One of the first ever imagined uses of wide-ranging communication for entertainment was the idea of chess over the radio. As with many early predictors of future technology, this might not have worked out exactly as foretold, though the core concept remained remarkably intact. From the earliest days of correspondence chess into an age of internet servers and major online communities, physical games have long enjoyed a great selection of digital interpretations that reached considerable popularity in the mainstream. What have been the most visible examples of this over the years, and where could this form of development infrastructure take us in the future?
Pawn Moves First
While we’re on the game of chess, it makes sense to point out how this was a great starting point in the proliferation of the conversion of physical games to digital. It was only natural, in a lot of ways. Chess is a long-established game, enjoyed all over the world (with 600 million people understanding the rules and 486,000 active players), making it a prime target for web-based competition. On top of this, the transmission of moves over the internet requires only minuscule amounts of bandwidth, meaning that it was never a game which would struggle even with the early days of 14.4 kbit/s dial-up modems, nor the limited processing power of these early host devices. In this way, chess was one of the trend-setters of physical to digital entertainment.
Far From a Monopoly
The next logical step from these classical games would be the less traditional. Board games might not have the legacy of something like chess but the major successes still had millions of fans and a reach which spanned continents. Knowing this, it was only a matter of time before the more popular board games like Monopoly (250 million copies sold), Scrabble (150 million copies sold), and the complicated and time-consuming Risk would enter the mainstream.
Unlike chess, however, these would necessarily come in the form of full commercial releases, a result of their surrounding trademarks and copyrights. It is also important to note just how significant the growing popularity of video games has been to these developments, with major games like NBA2K even including pro teams on the action, further developing the surrounding framework.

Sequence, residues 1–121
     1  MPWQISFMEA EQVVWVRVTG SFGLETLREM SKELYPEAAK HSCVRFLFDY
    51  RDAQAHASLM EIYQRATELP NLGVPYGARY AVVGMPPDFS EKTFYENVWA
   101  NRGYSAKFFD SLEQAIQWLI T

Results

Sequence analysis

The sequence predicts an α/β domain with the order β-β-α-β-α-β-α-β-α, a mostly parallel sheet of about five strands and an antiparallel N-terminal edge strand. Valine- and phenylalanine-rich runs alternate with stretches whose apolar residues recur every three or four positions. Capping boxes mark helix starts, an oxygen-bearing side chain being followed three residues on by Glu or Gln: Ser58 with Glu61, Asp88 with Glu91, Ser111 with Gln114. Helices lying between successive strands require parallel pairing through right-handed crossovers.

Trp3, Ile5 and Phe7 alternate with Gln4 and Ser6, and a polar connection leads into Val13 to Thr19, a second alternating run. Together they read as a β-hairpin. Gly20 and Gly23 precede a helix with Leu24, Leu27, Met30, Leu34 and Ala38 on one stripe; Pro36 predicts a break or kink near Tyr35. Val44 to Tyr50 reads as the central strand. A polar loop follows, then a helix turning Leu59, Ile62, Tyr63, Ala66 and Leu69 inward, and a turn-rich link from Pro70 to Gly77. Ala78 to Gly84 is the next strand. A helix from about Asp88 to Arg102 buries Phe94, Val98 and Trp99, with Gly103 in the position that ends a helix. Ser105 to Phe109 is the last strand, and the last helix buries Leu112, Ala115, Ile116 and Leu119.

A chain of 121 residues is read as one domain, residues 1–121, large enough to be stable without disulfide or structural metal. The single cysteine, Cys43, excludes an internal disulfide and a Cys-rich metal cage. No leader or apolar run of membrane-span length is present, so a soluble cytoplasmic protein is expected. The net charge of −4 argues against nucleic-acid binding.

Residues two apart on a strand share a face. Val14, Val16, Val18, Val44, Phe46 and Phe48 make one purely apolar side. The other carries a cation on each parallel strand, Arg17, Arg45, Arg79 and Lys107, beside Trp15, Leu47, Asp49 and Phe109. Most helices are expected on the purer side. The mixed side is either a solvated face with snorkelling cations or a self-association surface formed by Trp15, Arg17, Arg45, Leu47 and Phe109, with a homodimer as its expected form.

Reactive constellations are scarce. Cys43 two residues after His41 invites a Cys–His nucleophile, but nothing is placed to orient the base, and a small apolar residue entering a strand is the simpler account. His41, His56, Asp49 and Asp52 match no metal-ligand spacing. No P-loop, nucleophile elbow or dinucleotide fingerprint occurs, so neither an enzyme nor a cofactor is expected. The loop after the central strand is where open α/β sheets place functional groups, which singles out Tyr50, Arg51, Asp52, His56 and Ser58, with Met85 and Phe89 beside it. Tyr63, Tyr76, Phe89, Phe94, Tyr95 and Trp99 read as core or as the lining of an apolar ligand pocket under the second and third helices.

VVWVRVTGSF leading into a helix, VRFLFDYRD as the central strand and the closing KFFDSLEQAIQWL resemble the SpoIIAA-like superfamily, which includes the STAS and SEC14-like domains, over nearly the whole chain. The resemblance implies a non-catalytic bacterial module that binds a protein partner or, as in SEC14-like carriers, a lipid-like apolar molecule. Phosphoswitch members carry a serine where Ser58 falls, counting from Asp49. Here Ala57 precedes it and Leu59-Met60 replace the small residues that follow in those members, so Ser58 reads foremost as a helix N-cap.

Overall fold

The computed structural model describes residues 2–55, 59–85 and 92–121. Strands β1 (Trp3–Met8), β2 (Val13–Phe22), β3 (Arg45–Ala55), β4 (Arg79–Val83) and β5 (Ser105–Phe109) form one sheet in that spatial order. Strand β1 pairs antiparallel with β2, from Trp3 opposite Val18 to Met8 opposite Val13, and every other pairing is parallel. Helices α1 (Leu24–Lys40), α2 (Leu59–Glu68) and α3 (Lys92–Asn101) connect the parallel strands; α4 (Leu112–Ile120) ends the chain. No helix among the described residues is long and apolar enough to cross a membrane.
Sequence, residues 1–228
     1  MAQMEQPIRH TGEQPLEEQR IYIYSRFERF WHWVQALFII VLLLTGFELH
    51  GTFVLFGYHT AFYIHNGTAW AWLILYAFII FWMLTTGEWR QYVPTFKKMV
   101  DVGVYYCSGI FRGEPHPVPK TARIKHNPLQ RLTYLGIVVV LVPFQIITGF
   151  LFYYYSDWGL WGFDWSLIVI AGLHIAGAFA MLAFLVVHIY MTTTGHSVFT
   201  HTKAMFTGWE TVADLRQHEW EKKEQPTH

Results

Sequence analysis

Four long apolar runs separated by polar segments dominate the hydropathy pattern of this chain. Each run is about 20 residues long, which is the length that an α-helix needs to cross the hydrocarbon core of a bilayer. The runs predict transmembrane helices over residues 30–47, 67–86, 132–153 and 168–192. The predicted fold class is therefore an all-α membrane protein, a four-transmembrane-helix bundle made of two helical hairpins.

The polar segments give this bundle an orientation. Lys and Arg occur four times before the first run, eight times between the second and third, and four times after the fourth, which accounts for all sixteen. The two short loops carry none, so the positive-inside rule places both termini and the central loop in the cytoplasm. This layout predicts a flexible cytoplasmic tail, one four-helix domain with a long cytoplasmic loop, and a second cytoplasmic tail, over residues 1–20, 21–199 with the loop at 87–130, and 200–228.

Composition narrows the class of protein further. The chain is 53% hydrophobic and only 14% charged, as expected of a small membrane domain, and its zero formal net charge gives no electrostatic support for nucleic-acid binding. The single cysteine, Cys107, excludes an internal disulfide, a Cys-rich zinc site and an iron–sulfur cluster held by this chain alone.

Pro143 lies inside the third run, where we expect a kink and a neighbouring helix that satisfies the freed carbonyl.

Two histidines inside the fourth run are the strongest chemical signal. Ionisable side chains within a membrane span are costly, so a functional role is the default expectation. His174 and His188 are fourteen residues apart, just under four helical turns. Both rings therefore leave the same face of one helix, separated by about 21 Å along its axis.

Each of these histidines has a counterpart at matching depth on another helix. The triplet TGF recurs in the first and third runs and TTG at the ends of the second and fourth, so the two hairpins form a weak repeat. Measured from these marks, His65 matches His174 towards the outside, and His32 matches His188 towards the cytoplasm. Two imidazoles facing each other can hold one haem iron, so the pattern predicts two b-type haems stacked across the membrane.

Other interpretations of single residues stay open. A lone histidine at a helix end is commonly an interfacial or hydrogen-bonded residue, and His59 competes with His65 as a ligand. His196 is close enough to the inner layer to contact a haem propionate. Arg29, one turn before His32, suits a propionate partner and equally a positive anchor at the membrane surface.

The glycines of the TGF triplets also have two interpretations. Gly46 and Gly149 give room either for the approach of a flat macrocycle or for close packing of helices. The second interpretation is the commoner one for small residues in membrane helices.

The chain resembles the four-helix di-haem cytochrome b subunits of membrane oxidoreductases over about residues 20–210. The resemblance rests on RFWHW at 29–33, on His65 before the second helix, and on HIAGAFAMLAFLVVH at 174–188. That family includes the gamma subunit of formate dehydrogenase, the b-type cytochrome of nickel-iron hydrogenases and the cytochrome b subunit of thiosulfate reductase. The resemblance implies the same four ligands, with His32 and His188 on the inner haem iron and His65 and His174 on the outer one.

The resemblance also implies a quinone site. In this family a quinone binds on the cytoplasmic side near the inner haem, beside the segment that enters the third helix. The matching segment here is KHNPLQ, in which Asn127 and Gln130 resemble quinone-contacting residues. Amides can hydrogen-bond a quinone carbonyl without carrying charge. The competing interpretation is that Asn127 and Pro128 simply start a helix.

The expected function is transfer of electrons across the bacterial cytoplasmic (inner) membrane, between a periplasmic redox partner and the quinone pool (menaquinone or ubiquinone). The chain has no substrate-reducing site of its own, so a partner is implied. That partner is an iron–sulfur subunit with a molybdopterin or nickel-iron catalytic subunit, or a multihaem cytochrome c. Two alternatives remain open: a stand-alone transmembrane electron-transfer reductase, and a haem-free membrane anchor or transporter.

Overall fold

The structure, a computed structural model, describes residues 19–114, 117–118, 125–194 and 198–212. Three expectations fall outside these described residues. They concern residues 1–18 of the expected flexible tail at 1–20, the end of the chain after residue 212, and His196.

One of the earliest games which many of us older gamers out there remember booting up on Microsoft Windows 3.1 was that of Solitaire. A simple game played with a single deck, the digital form of this game came with all the fun but none of the clean-up or the frustration over the much-maligned missing cards. As the internet rose from obscurity to standardized, more avenues of play for card-based games opened up for the average user. Many of us have fond memories of excitedly trying out the online version of hearts which came with Windows XP and this would only be the beginning.
While there have been many instances of hosting services popping up on the web, from Yahoo Games to the MSN Gaming Zone, perhaps the most common way in which these games are played online today can be seen with the development of online casinos like Betway. While the obvious interest here is in competitive games like poker (with more than 100 million players worldwide) or blackjack, they also tend to cover a range of modified single-player games to help fill out the desires of their potential customers.
What many of us didn’t see coming, even those of us who grew up with the internet, was a move in the opposite direction. As gaming slowly grew, eventually earning more than even the film industry, with Infinity War levels of success, it was board games that could earn considerable amounts if they were inspired by digital creations. There have been dozens of popular releases in this form over the recent years, from the incredibly popular XCOM: The Board Game by Fantasy Flight Games to the upcoming releases from Paradox Entertainment. Far from sticking to more traditional, physical games, these have also seen success in adopting more complicated and lore-heavy games into a modern Dungeons and Dragon’s framework, creating long-term experiences which harken back to the types of games which inspired the digital RPG genre in the first place.
As we have already seen so many times, the trajectory of the relationship between digital and physical games is anything but straightforward. These two different mediums are constantly borrowing inspiration and using this to further not just the size of their shared fan-bases but the evolution of games media as a whole. As virtual and augmented reality stand poised to further radically change the future of so many types of gaming, we have to wonder exactly what the future hold. Whatever the case, we can’t wait to see what happens next.